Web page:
I would like to run a bash command when a remote connection is successfully established to a specified local open port. I have looked into netcat and socat, but I'm not sure if either have the functionality that I want. I do not care about the content of the communication, only that a connection has been established (the connection can be immediately dropped after starting).

This is because, I have a local resource (a Minecraft server) that I want to start only when requested. In theory, a client should attempt a connection (which will of course fail, initially), the server will then start, and after a few moments the client can connect once more to a running server.

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    portknocking works like that: a service is started (or some firewall rules are changed) only after a specific packet is sent to a specific port (and sometimes with specific content). You may get ideas from such features. – Patrick Mevzek Jun 11 at 23:00

There's the -F option to nc:

-F Pass the first connected socket using sendmsg(2) to stdout and exit. This is useful in conjunction with -X to have nc perform connection setup with a proxy but then leave the rest of the connection to another program (e.g. ssh(1) using the ssh_config(5) ProxyUseFdpass option).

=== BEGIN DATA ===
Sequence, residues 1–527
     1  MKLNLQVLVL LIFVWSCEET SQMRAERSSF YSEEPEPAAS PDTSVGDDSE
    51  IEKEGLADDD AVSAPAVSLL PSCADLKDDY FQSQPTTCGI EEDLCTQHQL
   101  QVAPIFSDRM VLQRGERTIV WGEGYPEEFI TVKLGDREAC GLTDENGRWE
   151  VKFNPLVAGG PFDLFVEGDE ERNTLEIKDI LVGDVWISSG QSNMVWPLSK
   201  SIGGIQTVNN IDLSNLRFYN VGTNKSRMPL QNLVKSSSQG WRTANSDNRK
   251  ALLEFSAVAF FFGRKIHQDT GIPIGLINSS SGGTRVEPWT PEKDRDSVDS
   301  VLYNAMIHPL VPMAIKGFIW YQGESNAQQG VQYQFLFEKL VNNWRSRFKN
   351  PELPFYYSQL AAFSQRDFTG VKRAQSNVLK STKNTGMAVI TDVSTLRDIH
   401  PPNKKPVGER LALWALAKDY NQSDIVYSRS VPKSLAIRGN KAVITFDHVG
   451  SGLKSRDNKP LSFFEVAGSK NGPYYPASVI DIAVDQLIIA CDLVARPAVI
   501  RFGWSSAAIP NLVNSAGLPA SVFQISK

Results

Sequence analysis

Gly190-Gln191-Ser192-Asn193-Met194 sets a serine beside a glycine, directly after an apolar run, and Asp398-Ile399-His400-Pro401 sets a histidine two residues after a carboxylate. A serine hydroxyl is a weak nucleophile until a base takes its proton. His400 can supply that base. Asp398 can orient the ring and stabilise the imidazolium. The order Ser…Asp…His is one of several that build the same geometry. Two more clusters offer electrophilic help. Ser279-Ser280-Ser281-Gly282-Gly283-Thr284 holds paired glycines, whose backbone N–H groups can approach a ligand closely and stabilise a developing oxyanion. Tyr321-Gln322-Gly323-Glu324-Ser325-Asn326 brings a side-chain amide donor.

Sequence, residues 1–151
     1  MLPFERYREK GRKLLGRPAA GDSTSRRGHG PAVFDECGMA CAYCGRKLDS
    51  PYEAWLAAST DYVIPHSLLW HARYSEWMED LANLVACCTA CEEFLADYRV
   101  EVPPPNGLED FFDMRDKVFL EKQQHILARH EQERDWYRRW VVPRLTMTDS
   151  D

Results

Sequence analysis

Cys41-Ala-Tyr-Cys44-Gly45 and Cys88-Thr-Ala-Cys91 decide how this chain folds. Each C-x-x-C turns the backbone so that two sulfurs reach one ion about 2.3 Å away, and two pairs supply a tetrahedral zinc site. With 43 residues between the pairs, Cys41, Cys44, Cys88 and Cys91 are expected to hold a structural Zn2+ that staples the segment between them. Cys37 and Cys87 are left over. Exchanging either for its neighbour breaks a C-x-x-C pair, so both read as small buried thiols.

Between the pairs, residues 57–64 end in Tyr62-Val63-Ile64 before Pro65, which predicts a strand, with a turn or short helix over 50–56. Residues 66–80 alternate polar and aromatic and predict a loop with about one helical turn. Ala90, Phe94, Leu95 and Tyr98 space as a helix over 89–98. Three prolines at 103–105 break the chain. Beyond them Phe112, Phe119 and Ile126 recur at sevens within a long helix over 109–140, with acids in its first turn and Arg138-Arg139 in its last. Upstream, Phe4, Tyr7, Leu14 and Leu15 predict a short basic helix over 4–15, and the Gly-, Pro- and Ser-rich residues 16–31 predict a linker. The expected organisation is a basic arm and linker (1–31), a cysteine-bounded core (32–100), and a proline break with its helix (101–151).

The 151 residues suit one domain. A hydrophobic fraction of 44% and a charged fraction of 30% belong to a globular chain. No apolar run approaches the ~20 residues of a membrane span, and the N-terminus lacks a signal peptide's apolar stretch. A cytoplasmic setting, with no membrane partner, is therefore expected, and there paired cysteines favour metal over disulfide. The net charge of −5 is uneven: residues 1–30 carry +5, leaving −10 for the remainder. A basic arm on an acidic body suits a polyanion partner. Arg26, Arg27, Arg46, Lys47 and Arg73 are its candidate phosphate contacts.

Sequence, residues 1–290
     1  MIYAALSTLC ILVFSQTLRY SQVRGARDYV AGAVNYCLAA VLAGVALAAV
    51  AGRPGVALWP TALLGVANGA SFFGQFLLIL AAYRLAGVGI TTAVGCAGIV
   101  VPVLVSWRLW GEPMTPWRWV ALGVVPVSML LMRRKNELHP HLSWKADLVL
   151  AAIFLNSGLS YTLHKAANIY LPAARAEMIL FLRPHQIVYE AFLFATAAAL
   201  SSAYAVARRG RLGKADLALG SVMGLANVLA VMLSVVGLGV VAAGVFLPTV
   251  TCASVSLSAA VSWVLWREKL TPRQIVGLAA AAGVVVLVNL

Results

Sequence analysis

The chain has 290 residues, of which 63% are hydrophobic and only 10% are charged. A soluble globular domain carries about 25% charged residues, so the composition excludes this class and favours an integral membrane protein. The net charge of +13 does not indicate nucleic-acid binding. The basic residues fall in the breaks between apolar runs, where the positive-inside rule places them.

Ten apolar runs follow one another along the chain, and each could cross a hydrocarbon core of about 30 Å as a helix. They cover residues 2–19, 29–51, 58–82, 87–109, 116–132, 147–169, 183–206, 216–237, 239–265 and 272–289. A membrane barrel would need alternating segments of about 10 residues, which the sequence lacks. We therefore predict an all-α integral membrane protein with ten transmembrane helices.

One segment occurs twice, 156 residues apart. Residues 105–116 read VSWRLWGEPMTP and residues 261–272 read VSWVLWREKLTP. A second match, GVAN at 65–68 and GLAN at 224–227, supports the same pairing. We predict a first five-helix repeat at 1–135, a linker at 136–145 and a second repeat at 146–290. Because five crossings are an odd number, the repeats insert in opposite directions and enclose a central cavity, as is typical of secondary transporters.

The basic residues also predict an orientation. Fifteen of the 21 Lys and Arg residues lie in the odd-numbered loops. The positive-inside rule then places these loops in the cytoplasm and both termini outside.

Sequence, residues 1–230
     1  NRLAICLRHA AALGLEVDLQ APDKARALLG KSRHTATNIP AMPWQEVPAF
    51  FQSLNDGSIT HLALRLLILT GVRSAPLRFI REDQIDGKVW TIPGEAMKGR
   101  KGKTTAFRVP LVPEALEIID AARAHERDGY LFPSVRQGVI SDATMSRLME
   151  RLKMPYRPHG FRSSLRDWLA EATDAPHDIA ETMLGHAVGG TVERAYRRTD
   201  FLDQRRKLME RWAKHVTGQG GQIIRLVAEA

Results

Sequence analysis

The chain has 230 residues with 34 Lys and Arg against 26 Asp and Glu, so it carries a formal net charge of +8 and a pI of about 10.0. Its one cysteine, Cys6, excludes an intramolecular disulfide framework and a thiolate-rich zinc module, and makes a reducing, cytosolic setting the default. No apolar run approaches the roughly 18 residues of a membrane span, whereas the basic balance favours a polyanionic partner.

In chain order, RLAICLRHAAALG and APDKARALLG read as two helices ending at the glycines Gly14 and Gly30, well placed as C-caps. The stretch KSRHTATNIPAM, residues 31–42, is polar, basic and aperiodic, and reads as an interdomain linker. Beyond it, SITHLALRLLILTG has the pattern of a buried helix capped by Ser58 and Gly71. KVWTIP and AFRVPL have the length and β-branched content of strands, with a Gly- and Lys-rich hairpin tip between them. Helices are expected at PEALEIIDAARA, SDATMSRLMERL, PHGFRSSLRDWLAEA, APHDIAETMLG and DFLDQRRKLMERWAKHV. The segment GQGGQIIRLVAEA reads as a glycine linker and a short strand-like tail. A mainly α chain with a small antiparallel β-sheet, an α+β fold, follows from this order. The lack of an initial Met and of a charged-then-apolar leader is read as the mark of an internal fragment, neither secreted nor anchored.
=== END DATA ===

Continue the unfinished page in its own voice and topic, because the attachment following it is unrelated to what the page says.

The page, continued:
I guess you could use it along this line:

nc -Fl 22222 | true && echo connection arrived

Of course you'd start the server instead of echoing. 22222 is the port and l stands for listening.

  • I'm not sure what's going on, but I actually don't have that functionality on my netcat version. On the man-page, the flags of my version go straight from -d to -h! From a quick Google search, it looks like the NetBSD version of netcat has that flag, do you have any idea how I can get it onto my system? I'm currently running Ubuntu 16.04.6 LTS – sgbrown Jun 11 at 23:25
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    @sgbrown It looks like I have a BSD version on Debian. Depending on your OS, you could just install it, or probably download the source code, compile it and then install. – Tomasz Jun 11 at 23:30

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